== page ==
Heading back to Mercury: NASA and ESA missions
Mercury, the closest planet to the Sun, has only been visited by one spacecraft. This was Mariner 10 in 1974 - 75 and although this one mission transformed our understanding of this enigmatic world, the images and data returned raised more questions than they answered.
In fact Mariner 10 was only able to image about half of the planet's surface during its flybys before it ran out of fuel and contact was lost. The data from Mariner revealed that Mercury has a magnetic field, had survived a near planet-shattering collision early in its history which had left it with a massive iron-nickel core and had been subsequently blitzed by a multitude of impacts and collisions, the shock waves of one of which are literally frozen into the planet's crust. Despite its wonders, Mercury has not yet been revisited, but now both NASA and ESA have unveiled plans to send a new generation of robotic explorers to the innermost planet.
On August 3, 2004, NASA's MESSENGER probe (MErcury Surface, Space ENvironment, GEochemistry and Ranging) was launched into space. MESSENGER has an innovative, lightweight and comprehensive suite of scientific instruments that is studying the morphology, composition and structure of Mercury and its surrounding space. The yearlong science orbit began in March 2011.
Some of the instruments aboard MESSENGER include imaging cameras (MDIS), various spectrometers for analytical studies (GRNS, ASCS and XRS) and instruments for studies of Mercury's geophysical environment (MAG, RS, EPPS) and morphology (MLA). These experiments are powered by specially designed solar panels that can withstand the extreme glare of the nearby sun whilst still producing electricity. Similarly, the whole spacecraft is protected by a lightweight sunscreen that keeps the science payload at a safe working temperature.
One of the most innovative features of MESSENGER is the advanced onboard computers that have to be almost autonomous in operation, given that in certain situations the spacecraft will be out of direct contact with the Earth for up to 32 days when Mercury is on the far side of the sun. The flight to Mercury will took 5 years with multiple flybys of Venus and Mercury before the final Mercury orbital insertion burn. Such are the dynamical difficulties in sending a spacecraft from Earth to Mercury that 60% of MESSENGER's mass was simply the propellant to get the probe to its target.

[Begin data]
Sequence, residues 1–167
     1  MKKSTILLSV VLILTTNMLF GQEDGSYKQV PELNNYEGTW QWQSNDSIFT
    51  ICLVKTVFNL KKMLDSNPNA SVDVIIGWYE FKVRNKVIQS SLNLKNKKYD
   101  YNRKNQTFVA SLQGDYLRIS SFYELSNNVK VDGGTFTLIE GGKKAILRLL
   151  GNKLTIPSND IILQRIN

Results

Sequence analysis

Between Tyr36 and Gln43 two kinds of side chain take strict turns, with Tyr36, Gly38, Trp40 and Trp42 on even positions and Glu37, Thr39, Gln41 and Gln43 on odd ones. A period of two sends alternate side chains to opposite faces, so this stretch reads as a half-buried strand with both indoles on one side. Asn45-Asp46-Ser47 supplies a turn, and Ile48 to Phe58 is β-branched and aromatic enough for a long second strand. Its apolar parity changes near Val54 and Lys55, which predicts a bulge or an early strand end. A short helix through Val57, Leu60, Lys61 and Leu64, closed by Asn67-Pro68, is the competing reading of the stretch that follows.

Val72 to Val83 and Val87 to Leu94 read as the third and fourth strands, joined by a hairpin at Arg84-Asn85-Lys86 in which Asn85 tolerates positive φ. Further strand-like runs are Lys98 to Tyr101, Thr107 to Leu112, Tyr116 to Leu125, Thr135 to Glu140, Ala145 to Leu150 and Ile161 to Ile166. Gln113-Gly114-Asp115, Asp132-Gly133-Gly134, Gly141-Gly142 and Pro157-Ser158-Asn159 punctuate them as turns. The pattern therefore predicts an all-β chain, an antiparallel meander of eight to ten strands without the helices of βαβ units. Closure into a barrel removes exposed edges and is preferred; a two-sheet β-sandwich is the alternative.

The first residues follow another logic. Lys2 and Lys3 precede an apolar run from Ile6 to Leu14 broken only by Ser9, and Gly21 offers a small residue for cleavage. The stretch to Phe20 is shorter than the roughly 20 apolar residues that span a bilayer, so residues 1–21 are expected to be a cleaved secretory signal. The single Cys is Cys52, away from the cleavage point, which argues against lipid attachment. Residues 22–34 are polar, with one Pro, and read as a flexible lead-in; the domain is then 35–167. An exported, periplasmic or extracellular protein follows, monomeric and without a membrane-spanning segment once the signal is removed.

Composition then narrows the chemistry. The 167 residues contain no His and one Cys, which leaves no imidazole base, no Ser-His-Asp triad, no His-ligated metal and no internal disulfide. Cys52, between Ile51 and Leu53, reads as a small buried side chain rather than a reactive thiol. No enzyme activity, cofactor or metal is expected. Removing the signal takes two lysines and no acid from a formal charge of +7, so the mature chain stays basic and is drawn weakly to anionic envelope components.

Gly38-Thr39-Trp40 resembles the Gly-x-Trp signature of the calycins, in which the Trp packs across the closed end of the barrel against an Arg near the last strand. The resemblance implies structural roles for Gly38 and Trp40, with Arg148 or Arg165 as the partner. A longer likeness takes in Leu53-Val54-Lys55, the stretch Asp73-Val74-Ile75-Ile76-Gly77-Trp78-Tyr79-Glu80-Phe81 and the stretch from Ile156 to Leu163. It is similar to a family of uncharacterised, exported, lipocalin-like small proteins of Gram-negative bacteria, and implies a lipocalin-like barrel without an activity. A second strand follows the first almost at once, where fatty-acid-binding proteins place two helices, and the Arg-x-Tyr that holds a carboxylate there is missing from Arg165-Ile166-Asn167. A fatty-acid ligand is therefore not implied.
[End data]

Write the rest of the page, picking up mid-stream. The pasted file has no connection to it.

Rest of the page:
The mapping orbit around Mercury is steeply inclined with a closest approach of 500 km and an apogee of 15000 km, in part to assist in the thermal stability of the spacecraft. MESSENGER is the first spacecraft to arrive at Mercury for 30 years.
ESA's BepiColombo mission is scheduled to launch in 2014 and makes its own way toward Mercury. BepiColombo, named after the Italian physicist who pioneered studies into the complex dynamics of Mercury's orbit around the sun and it's rotational period, is a much more complex and sophisticated mission than MESSENGER.
The spacecraft has 3 major components, a planetary orbiter, a magnetospheric orbiter, and most interestingly, a surface lander in addition to 2 separate propulsion modules. The whole spacecraft will weigh 2.3 tonnes at liftoff, over twice that of MESSENGER and will require the power of an Ariane 5 rocket to boost it into space.
Once on its way to Mercury, BepiColombo will then employ its innovative ion propulsion system, the SEPM. This uses a beam of xenon ions accelerated to very high speed by an electrical field to provide thrust. Although the total level of thrust is low, it can be applied continuously for an extended period resulting in significant acceleration.
Using this engine, BepiColombo will reduce its flight time to Mercury to only 2.5 years, including flybys of both Venus and Mercury. Once the probe arrives at Mercury, the SEPM will be discarded and a standard chemical rocket motor will insert the spacecraft into orbit around the planet.
Once in orbit, the spacecraft will start its year-long mission of mapping the surface of the planet and the surrounding space using a variety of sensors similar to those carried by MESSENGER. However, BepiColombo will also carry out some unique investigations of its own.
Most spectacular of these will be a pair of surface lander/penetrators which will drop onto the Mercurian surface near the north pole of the planet, equipped with seismometers, analytical instruments and a camera. These will, assuming all works as planned, send back the first ever images and data from the surface of Mercury.
The magnetospheric orbiter, built in conjunction with the Japanese ISAS agency, will be released into a highly elliptical orbit around Mercury, gathering data over a large part of the Mercurian magnetic field and studying its interaction with the solar wind. The planetary orbiter will be placed into a 400 x 1500 km polar orbit around the planet and will use a combination of unique design features and novel insulation materials to maintain its thermal stability.
Ironically, after 30 years of waiting, these new missions to Mercury will provide such a wealth of data about the mysterious innermost planet that it will keep another generation of planetary scientists busy far into the future!
Author: Paul J. Henney; updated by Kelly Whitt